Low mortgage rates are terrific — if you can get them.
One week after posting its lowest mortgage rate in 50 years, Freddie Mac reports that the 30-year fixed rate mortgage rose by an average of 7 basis points nationwide this week to 4.22%. To get the rate, you’ll pay an average of 0.7 “points”.
This week’s rise in the 30-year fixed rate mortgage pulled rates off their all-time lows so either you locked last week’s rock-bottom rates, or you missed it.
Mortgage rates are rising.
As a refinancing homeowner or home buyer in Seattle , rising mortgage rates are something to watch. This is because, as mortgage rates rise, so do the long-term interest costs of giving a mortgage, increasing your homeownership costs.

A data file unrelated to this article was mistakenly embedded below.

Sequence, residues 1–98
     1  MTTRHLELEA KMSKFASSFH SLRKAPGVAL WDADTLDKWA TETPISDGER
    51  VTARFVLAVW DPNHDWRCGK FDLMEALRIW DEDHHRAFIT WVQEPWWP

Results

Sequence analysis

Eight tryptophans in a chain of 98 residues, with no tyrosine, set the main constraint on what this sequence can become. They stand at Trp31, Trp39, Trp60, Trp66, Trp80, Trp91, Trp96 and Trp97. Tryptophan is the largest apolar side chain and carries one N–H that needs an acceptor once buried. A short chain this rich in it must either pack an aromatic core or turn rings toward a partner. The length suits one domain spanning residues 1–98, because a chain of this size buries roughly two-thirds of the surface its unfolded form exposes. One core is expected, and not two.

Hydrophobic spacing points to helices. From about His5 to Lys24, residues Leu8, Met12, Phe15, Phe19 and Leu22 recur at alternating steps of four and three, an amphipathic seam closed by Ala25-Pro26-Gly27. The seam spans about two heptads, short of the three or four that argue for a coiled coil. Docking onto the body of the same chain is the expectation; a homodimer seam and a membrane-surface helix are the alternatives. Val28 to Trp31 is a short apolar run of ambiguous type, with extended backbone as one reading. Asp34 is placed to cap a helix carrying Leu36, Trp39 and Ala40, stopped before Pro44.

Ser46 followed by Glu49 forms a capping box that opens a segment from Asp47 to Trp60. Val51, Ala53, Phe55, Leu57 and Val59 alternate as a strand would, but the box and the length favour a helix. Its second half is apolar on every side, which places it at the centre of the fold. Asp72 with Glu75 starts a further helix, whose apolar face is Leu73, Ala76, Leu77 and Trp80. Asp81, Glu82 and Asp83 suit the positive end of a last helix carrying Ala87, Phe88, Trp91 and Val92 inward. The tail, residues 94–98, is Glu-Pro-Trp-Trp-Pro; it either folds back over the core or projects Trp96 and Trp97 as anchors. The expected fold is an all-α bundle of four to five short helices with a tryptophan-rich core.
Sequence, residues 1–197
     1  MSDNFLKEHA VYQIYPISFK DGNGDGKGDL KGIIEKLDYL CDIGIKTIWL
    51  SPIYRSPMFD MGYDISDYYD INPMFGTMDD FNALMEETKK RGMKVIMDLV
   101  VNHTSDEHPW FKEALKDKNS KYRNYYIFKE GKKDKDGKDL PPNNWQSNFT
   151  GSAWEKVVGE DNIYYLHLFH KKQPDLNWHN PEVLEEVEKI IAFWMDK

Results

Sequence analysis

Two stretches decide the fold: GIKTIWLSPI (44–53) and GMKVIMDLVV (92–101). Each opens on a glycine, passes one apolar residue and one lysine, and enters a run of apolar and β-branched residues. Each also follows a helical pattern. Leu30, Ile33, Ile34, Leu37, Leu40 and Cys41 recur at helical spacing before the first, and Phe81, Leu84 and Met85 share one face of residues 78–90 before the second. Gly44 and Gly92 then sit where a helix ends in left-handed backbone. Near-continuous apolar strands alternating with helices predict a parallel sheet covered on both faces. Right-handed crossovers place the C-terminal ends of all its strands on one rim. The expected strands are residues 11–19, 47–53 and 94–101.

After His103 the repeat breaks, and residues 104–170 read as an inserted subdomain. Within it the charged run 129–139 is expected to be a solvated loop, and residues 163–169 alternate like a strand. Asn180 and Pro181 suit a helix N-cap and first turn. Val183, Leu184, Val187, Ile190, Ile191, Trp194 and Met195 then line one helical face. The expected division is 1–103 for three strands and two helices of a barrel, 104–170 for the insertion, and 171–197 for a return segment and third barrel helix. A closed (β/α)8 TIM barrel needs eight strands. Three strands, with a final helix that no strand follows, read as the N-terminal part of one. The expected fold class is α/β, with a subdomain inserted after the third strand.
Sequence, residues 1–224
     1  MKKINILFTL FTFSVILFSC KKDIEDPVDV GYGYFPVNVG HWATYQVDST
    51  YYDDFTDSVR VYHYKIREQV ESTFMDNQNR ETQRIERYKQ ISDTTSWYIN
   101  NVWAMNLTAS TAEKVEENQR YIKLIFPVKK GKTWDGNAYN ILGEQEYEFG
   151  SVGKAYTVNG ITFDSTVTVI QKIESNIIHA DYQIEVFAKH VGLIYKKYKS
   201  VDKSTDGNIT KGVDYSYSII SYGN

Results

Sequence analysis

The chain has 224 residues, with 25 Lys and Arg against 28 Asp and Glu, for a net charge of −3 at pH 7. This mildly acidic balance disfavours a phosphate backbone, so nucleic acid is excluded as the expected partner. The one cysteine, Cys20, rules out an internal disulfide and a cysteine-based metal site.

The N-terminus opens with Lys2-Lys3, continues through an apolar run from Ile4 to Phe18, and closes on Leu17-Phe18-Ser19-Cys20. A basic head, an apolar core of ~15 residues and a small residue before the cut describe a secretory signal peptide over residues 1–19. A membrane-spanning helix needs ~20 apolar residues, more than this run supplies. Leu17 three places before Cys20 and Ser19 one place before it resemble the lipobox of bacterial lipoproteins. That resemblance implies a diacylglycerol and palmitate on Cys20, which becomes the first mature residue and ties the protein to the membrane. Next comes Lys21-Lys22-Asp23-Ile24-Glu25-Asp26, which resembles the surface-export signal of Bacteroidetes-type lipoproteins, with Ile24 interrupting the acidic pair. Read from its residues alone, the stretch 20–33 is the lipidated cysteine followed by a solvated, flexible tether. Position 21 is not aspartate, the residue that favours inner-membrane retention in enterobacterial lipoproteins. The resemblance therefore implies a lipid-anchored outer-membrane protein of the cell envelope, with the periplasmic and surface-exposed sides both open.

For example, if you failed to lock a rate last week when rates were bottomed, and then decided to lock-in only after rates had climbed 0.25 percent, at the new, higher rate, over the life of your loan, you would have responsibility for an extra $5,300 in interest costs for every $100,000 you borrowed.
Rising mortgage rates can be expensive.
For home buyers, rising mortgage rates pose a second problem — they erode your purchasing power. A home that fits your budget at today’s rates may not fit your budget at next week’s rates. And because mortgage rates change quickly, you can sometimes feel ilke you’re racing the clock.
The hard part about mortgage rates, though, is that we can never know what they’ll do next. On some days they rise, on some days they fall, and on some days they stay the same. Instead of trying to “time the bottom”, therefore, a good strategy can be to lock the first, low rate that fits your budget. Then, if rates are lower in the future, you can look to refinance at that time.
Mortgage rates remain at historical lows. It’s a good time to lock a rate.